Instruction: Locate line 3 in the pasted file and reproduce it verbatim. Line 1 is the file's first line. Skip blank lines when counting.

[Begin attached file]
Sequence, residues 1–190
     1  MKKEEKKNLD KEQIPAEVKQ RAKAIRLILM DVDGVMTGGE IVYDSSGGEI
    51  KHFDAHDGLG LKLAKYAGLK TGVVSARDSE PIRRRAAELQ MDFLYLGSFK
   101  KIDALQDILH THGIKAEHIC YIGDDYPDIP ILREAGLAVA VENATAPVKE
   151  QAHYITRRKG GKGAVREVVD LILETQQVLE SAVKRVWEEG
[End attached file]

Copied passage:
    51  KHFDAHDGLG LKLAKYAGLK TGVVSARDSE PIRRRAAELQ MDFLYLGSFK